Creating a Zip bootdisk which runs Linux in a ramdisk
This document tries to describe what needs to be done to create a pair
of disks (floppy and zip disk) to boot Linux from and have it run
completely in a ramdisk.
This approach is similar to other minilinuxes, which boot from a
single floppy disk, but some of thouse systems keep (a part of) the
floppy mounted. The advantage of this setup is that you can boot your
system and then take out the disks and it will continue to run (this
might be useful for e.g. installing a cluster). You could of course
also do this with e.g. muLinux or some other "one floppy Linux
system", but a Zip disk allows you to have a much more comfortable
system. The disadvantage is that you need some amount of RAM in your
machine, as you need a ramdisk for your whole system (80 MB in our
case) and should still have some spare RAM for your programs to run.
This description is by no means complete or perfect, but I hope it
will help someone with the same or similar goals. The ressources I
found helpful during my installation were:
Maybe this document is too much focused on our own system (a cluster
of 400 HMz Pentium II machines with 128 or 256 MB of RAM and SCSI
disks, see the CoPs
project). Hopefully it's still useful... You should already have
some experience with Linux as I will not explain everything from the
I will try to write down what had to be done to make the boot disks
work. Much of the following should be done as root, so be careful.
A boot floppy disk
Take a fresh floppy disk and create an ext2 filesystem on it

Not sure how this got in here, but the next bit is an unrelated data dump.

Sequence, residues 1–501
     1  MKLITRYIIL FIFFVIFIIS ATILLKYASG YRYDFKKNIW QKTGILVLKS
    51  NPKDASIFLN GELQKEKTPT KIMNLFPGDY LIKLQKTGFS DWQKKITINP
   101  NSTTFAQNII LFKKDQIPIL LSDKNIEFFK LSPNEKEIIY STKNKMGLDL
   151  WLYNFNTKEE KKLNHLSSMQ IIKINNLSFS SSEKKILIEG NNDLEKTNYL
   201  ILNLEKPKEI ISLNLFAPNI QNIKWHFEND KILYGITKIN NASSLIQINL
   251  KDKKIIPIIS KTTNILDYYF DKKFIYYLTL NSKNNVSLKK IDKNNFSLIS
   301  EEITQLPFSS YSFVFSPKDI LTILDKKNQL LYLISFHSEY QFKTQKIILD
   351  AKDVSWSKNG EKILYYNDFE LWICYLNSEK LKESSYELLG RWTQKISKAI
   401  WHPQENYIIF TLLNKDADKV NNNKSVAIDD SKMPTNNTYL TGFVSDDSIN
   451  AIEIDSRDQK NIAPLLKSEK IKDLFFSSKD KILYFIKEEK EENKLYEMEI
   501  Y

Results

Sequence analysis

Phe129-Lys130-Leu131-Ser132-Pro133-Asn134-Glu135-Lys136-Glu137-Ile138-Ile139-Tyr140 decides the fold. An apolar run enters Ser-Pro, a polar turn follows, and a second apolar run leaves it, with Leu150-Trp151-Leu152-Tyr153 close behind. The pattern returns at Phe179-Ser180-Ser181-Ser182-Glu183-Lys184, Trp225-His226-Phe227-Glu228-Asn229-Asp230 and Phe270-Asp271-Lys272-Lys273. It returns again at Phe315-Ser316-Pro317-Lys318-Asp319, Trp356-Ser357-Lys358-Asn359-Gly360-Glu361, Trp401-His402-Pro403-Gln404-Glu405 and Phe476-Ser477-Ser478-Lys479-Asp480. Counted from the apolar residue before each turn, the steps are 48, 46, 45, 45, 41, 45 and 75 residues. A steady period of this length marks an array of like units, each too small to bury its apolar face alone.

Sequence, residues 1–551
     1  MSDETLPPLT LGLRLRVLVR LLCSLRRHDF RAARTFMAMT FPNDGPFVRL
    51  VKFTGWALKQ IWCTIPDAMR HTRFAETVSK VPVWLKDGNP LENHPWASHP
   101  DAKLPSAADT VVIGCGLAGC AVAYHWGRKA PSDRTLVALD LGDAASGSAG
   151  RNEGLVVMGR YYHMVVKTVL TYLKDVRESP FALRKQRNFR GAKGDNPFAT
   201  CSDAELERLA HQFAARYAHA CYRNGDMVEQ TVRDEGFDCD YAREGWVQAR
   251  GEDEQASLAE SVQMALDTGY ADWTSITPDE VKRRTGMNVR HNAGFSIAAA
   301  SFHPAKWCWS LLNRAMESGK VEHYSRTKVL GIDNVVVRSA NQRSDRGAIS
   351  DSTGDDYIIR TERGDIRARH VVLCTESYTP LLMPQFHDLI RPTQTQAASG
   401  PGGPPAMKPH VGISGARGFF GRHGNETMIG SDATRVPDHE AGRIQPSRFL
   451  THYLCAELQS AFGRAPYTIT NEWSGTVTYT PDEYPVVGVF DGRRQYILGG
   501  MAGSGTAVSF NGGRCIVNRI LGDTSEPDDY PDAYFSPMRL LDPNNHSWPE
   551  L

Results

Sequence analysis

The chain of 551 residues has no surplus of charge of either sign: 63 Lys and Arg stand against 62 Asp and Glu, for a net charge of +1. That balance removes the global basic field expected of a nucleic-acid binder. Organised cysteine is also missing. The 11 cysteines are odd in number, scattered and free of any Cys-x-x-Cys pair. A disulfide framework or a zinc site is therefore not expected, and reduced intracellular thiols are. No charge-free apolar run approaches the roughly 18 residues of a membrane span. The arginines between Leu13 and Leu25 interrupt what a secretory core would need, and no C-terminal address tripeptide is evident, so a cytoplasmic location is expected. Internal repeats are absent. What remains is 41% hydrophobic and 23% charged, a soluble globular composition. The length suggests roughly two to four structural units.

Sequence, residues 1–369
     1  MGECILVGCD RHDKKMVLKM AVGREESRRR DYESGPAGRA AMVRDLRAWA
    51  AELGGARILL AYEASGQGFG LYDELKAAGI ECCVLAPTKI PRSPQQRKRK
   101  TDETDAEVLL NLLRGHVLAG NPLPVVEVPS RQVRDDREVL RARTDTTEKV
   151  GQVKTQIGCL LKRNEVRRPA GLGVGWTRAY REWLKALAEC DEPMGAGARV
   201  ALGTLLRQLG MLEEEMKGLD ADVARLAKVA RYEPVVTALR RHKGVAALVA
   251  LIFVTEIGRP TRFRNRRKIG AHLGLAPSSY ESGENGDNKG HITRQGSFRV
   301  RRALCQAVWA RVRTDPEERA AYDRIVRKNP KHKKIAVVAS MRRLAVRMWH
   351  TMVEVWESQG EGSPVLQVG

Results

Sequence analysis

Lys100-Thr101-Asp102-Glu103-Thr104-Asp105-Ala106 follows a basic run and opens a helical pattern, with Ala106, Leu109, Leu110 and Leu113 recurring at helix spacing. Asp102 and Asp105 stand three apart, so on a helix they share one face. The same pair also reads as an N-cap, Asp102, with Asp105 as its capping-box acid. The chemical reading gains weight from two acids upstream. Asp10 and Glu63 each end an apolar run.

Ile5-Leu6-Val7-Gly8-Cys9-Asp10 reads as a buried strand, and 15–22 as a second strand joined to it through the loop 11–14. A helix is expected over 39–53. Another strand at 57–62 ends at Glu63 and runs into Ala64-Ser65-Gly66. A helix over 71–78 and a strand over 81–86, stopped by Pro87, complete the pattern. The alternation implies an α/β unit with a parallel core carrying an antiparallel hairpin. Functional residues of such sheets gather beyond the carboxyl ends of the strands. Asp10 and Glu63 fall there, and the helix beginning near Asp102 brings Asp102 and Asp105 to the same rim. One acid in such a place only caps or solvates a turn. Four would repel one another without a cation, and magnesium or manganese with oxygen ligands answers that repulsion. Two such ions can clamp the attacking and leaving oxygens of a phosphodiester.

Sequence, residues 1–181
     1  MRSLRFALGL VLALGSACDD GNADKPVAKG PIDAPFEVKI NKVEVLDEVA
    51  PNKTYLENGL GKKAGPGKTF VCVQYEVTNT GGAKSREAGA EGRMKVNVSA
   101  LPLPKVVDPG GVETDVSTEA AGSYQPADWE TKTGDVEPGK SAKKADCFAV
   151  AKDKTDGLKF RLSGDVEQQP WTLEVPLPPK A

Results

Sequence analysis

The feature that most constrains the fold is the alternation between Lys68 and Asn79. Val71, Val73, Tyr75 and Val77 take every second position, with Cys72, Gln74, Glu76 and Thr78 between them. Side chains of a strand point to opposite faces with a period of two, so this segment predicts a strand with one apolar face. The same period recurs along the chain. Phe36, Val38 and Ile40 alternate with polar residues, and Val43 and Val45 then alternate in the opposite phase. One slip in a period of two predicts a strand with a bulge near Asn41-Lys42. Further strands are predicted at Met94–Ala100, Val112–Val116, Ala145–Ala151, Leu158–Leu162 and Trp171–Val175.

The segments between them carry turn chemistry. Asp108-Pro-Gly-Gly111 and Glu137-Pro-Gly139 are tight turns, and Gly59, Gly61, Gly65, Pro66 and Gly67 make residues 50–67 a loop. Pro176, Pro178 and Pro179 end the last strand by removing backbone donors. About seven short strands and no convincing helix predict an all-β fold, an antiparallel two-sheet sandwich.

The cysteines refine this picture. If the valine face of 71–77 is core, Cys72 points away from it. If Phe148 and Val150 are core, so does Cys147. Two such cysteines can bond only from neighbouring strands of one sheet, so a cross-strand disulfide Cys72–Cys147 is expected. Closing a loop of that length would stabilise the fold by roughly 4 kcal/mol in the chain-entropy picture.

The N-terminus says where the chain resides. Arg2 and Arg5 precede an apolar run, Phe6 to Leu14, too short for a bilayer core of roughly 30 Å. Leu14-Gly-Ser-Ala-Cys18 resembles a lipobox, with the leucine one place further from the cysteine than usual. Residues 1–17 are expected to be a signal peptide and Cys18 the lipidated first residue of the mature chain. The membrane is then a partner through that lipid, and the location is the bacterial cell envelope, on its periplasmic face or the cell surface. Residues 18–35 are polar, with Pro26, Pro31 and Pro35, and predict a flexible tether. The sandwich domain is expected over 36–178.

("mke2fs /dev/fd0"). Put your kernel image (bzImage) and the
boot-sector (usually /boot/boot.b) on it using the
cp command. Note that your kernel must have ramdisk as well
as initrd support. If your Zip drive is on a SCSI bus, your kernel
also needs SCSI support (I don't know what to do with other Zip
Then, create an empty file of approx. 1.4 MB in size ("dd
if=/dev/zero of=floppyroot.img bs=1024 count=1400"). This file
must reside on a local harddisk, NFS doesn't work. Create an ext2
filesystem in this file ("mke2fs -m 0 floppyroot.img", the
"-m 0" tells mke2fs not to put any space aside for the
Mount the file using the loop interface (your kernel must support
this... "mount -o loop /tmp/floppyroot.img /mnt") and put a
very minimal system on it (in /mnt). I took most of the very
small files from the muLinux distribution (if you unpack the sources
for the muLinux distribution, you will find many things in the
tree subdirectory. It's quite useful as these programs have
been made as small as possible). What you need is at least:
You also need a file "linuxrc" in the root of your floppy
image. The file has the following contents (substitute your own Zip device/partition for the "XX", e.g. "sdb1"):
- In /bin:
- (maybe) sleep
- In /etc
- termcap (maybe?)
- In /lib:
- The mount points for /mnt, /zip and /proc
- Maybe /tmp
- In /usr/lib:
- Maybe /var/tmp
[ -x /bin/sleep ] && sleep 2
echo Preparing to setup ramdisk.
mount -o remount,rw / 2>/dev/null
echo Mounting proc...
mount -t proc none /proc
echo Mounting zip readonly...
mount -o ro /dev/sdXX /zip
echo -n Copying new root to ramdisk... please wait...
gunzip -c /zip/minisys.dd.gz > /dev/ram1
echo -n Unmounting zip...